KUALA LUMPUR: Rosmah Mansor, the wife of former Malaysian prime minister Najib Razak, was found guilty of corruption on Thursday (Sep 1).
Rosmah, 70, was charged with soliciting RM187.5 million (US$41.9 million) in bribes from contractor Saidi Abang Samsudin in 2016 and 2017 so that his company Jepak Holdings could secure a RM1.25 billion government project to supply solar energy to 369 rural schools in Sarawak state.
She was also accused of receiving bribes totalling RM6.5 million from Saidi at the prime minister’s official residence and then later at her private residence in Kuala Lumpur between December 2016 and September 2017.
In delivering the judgment, High Court Judge Mohamed Zaini Mazlan said on Thursday: “The prosecution has succeeded in proving its case beyond reasonable doubt. The accused has been found guilty of all three charges.”
The court case started in February 2020 and ended on Feb 23 this year, after 42 days of trial. The proceedings were affected by delays, including over Rosmah’s health issues and a witness being placed on home surveillance due to the COVID-19 pandemic.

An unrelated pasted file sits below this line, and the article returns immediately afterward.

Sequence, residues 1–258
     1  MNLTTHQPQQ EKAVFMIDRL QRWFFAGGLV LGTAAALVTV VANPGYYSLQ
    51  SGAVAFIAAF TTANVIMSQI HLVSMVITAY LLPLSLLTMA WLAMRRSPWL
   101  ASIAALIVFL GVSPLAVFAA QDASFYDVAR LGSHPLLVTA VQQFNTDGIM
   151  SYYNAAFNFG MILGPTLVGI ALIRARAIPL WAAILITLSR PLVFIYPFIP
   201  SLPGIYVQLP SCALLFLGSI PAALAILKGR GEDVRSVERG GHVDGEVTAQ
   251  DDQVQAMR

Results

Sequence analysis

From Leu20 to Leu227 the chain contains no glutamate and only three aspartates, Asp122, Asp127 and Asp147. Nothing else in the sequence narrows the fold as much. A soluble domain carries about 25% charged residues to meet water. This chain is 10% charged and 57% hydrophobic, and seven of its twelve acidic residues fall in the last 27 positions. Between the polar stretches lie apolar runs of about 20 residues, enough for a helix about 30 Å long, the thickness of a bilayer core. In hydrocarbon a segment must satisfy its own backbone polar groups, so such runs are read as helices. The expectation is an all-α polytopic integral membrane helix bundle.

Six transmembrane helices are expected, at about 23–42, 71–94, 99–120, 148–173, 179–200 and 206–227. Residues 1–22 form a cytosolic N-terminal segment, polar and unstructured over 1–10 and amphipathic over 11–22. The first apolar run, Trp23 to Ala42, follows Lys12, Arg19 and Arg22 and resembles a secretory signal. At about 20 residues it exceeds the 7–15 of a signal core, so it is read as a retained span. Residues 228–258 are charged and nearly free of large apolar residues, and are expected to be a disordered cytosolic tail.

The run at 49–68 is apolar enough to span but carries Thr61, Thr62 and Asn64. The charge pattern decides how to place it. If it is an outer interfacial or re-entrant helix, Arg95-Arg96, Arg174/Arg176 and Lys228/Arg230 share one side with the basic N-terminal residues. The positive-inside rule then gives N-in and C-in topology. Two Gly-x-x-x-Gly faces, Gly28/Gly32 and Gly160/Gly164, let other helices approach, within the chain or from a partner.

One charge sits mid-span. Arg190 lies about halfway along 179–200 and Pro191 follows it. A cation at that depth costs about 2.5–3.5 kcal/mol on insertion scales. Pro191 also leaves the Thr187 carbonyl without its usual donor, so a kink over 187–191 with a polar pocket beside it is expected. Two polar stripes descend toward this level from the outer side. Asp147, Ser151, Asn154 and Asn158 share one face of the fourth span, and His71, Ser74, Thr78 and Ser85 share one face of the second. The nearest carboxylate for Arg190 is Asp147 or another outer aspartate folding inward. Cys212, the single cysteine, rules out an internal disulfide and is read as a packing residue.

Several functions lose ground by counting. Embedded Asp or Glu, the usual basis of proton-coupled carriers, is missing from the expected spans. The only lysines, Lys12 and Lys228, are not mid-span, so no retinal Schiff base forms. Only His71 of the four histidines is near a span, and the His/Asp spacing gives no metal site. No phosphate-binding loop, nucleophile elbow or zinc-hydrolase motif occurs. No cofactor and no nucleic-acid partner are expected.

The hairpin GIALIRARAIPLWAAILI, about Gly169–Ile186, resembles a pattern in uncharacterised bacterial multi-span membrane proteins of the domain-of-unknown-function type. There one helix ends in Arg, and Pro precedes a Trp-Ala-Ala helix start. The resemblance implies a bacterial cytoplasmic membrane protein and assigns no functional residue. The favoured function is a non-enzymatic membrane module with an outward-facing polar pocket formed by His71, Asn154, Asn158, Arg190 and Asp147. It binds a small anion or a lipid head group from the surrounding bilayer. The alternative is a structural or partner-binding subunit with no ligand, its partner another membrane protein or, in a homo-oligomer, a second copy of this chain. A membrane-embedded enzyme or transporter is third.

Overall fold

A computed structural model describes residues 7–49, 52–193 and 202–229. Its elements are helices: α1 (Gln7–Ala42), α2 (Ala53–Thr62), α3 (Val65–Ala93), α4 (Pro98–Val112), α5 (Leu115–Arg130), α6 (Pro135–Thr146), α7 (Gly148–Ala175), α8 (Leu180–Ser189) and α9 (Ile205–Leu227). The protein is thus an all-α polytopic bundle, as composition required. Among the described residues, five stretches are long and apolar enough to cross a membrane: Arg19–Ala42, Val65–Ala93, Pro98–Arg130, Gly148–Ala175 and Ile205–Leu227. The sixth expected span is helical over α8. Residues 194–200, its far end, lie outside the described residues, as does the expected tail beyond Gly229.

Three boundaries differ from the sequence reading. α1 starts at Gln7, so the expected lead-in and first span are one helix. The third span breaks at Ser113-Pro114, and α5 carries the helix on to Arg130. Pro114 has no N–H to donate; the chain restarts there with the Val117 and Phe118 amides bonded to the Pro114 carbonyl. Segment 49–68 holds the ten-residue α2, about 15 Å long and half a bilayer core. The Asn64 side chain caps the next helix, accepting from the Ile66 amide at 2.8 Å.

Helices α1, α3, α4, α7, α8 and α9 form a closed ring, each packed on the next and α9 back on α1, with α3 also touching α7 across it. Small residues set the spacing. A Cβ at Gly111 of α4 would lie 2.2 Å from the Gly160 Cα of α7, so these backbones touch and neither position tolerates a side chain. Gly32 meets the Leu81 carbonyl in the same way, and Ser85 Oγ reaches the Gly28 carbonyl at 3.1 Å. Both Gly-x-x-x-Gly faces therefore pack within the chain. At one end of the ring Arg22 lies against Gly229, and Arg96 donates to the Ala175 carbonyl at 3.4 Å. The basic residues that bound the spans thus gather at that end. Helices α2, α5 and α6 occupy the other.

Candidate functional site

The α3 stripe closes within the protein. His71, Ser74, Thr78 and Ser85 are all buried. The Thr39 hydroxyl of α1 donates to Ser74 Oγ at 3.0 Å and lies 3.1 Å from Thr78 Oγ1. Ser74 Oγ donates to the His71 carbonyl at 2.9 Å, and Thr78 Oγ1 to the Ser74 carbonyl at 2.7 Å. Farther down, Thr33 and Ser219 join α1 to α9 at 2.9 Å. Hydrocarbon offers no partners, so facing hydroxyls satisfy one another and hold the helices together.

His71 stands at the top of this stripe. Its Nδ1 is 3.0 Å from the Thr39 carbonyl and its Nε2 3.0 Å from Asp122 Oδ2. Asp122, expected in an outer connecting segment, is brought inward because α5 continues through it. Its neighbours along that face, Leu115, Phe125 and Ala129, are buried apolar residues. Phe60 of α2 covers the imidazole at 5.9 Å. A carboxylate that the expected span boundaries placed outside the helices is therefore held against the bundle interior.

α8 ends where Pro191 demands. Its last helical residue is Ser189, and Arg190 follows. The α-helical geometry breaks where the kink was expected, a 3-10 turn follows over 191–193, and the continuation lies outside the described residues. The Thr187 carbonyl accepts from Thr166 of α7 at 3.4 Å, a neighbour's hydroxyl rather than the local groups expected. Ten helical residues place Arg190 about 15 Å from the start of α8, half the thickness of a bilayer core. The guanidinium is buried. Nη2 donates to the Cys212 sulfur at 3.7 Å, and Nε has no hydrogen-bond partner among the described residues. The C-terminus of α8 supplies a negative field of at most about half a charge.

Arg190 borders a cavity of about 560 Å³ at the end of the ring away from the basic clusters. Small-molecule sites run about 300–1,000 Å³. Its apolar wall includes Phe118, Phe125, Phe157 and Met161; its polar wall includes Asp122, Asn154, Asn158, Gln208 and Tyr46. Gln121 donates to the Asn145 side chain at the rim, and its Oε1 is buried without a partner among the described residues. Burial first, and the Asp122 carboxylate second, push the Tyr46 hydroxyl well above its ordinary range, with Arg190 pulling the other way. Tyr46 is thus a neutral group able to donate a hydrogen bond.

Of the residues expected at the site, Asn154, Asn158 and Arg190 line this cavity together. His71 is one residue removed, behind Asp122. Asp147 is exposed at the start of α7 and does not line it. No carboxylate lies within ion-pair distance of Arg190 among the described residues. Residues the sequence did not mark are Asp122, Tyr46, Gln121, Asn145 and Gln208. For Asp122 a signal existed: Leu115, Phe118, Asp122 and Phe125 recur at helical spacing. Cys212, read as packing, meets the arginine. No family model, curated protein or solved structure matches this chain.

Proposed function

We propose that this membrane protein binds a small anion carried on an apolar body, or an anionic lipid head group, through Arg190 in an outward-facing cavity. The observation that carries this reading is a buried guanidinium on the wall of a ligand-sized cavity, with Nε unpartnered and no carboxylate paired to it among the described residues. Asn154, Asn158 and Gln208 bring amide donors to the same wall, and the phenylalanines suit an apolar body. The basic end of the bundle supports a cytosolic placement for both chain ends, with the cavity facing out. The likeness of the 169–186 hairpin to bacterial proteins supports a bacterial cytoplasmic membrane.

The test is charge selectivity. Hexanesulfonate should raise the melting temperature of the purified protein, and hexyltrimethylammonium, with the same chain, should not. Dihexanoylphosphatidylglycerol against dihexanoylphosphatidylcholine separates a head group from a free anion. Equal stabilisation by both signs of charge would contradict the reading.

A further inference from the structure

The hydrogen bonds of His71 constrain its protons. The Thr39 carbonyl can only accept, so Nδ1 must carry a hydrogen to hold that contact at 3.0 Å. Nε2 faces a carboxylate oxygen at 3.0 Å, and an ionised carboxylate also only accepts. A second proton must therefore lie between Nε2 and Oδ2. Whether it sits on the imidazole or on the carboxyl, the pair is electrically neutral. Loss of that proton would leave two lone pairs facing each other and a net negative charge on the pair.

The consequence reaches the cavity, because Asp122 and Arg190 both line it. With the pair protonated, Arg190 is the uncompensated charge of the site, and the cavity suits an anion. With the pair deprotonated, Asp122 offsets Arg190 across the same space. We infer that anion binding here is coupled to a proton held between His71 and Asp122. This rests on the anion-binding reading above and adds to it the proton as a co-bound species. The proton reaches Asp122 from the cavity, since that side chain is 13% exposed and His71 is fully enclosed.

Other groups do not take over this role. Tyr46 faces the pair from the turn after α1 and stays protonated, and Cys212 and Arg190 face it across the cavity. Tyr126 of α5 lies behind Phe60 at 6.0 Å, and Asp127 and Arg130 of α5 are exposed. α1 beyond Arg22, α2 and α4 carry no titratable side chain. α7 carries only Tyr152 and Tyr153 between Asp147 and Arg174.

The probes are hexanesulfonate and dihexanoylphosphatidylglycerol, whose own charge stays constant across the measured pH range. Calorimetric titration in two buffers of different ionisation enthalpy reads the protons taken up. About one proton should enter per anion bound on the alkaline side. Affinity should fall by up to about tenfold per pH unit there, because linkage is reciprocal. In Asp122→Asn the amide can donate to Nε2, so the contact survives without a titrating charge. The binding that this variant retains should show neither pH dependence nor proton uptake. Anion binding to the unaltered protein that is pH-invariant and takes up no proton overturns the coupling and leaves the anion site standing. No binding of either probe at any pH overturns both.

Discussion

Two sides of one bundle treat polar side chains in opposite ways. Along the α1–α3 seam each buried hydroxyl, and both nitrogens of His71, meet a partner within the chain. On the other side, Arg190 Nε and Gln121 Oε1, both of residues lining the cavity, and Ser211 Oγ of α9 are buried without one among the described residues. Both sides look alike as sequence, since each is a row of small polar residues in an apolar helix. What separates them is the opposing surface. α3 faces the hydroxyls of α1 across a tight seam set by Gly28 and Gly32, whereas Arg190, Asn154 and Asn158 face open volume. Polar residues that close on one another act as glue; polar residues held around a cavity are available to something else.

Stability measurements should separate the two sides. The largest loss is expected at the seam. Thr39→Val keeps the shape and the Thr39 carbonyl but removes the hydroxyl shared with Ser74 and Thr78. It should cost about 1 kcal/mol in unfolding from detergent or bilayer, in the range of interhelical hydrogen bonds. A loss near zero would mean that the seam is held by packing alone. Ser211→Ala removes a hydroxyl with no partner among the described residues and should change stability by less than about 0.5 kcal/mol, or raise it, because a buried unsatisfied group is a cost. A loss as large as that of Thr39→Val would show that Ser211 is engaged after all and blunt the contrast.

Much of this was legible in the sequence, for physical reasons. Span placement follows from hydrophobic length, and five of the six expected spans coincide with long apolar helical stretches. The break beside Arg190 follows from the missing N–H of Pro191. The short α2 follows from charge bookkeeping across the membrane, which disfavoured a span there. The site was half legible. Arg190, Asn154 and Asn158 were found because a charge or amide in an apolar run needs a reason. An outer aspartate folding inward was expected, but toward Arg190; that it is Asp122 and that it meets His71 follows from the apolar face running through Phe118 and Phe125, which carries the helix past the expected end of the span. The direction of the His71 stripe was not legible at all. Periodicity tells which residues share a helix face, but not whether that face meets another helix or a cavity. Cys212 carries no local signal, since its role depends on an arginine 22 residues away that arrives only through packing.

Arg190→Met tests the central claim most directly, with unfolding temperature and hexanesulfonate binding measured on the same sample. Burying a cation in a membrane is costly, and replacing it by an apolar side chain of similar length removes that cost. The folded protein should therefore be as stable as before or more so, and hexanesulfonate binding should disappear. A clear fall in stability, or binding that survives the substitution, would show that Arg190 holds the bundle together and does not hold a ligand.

FAILED BID TO RECUSE HIGH COURT JUDGE
On Tuesday, Rosmah filed an application at the High Court, seeking the removal of Judge Mohamed Zaini who heard her corruption trial.
According to Malaysian media reports, Rosmah contended that she has lost faith in the judge’s ability to hear her corruption case following the recent alleged leak of a judgment that purportedly pronounced her guilty in the matter.
Rosmah claimed to have read an article by blogger Raja Petra Kamarudin on how she will be pronounced guilty on Sep 1.
She said she was shocked to read the article, which stated that the judgment against her was ready. The article also wrote that the judgment was not prepared by the judge himself but rather prepared on his behalf.
Her application was dismissed on Thursday. Judge Mohamed Zaini stated that he has always written his own court judgments.
“Anyone can form opinions but the only opinions that matters at the end of the day is mine,” he said, adding that judges were not there to make popular decisions.